Al-Qaida 'cut off and ripped apart by Isis'


Insiders say group has been drained of Middle East recruits and that US wrongfooted by shift in balance of power between warring jihadi groups.

Two of al-Qaida’s most important spiritual leaders have told the Guardian that the terror group is no longer a functioning organisation after being ripped apart by Isis. In a wide-ranging interview, Abu Qatada, a Jordanian preacher who was based in London before being deported in 2013, and Abu Muhammad al-Maqdisi, regarded as the most influential jihadi scholar alive, say the al-Qaida leader, Ayman al-Zawahiri, is cut off from his commanders and keeping the group afloat through little more than appeals to loyalty.

Senior insiders in Jordan add that al-Qaida around the Middle East has been drained of recruits and money after losing territory and prestige to its former subordinate division. The ongoing war between al-Qaida and Isis has left the US struggling to catch up with the tectonic shifts within the global jihadi movement, intelligence insiders told the Guardian.[COLOR=#222222][FONT=Tahoma]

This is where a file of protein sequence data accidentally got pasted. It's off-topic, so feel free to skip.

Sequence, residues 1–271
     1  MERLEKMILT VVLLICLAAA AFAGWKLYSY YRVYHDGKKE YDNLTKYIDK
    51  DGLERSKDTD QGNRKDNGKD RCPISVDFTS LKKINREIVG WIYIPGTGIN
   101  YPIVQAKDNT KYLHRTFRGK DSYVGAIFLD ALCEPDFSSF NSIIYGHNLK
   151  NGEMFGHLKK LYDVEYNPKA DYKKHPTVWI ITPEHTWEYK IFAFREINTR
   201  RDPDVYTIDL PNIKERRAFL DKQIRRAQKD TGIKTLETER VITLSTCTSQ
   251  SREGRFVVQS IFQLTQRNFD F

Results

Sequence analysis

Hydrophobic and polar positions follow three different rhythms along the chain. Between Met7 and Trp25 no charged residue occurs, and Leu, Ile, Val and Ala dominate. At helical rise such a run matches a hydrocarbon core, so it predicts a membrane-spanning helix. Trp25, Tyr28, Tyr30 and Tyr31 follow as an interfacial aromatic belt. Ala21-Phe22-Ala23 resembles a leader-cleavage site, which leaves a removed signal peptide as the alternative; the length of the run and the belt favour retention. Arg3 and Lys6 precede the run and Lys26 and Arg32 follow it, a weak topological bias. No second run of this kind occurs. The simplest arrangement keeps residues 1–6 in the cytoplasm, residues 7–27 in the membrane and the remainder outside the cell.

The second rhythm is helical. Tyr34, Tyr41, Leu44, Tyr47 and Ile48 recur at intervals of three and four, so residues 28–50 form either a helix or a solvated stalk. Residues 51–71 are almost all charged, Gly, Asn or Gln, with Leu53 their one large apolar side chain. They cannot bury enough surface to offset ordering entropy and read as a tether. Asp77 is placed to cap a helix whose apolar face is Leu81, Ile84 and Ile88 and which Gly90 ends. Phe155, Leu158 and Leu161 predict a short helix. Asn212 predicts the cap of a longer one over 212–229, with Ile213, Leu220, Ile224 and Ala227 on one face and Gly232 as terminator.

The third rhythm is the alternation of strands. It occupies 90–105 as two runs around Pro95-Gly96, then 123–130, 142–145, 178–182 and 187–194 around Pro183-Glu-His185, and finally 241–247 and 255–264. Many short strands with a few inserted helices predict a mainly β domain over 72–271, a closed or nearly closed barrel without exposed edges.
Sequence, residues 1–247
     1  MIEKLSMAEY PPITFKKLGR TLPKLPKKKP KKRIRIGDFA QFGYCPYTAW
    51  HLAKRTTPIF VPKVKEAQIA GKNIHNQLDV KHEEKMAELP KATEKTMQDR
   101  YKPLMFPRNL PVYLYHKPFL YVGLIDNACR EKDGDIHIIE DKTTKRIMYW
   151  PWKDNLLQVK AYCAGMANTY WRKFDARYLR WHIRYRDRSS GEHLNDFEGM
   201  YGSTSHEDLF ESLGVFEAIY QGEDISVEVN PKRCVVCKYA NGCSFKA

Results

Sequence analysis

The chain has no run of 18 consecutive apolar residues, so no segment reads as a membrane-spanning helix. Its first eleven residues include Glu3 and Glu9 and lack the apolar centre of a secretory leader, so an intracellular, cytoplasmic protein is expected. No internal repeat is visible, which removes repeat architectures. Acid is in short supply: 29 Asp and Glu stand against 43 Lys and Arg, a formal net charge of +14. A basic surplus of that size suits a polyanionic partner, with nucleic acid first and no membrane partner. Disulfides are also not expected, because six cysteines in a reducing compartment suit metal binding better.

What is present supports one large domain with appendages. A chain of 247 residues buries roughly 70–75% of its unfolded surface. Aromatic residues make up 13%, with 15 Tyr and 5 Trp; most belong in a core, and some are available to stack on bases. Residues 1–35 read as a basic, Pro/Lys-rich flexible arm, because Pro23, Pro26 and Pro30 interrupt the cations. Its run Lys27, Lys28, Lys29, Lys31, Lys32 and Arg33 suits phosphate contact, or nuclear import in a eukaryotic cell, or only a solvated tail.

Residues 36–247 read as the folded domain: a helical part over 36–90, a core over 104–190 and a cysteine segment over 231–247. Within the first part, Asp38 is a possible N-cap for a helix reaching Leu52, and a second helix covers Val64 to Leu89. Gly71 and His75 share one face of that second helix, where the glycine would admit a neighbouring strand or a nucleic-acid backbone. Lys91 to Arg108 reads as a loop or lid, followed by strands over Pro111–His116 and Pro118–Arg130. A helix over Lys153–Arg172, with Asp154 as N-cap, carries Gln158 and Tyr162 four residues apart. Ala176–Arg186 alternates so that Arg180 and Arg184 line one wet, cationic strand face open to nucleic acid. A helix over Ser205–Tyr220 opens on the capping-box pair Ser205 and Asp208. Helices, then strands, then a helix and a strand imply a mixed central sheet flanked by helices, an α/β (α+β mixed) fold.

Spencer Ackerman, Shiv Malik, Ali Younes and Mustafa Khalili @TheGuardian


It was my understanding that AQ Iraq merged into ISIS.


^ This part would be relevant:

In a typical comment, Barack Obama in March told Vice that Isis “is the direct outgrowth of al-Qaida in Iraq”. Although factually correct, this is substantively misleading: al-Qaida in Iraq was for 10 years al-Qaida’s most fractious and disloyal franchise, even before it began waging its violent campaign against the old guard.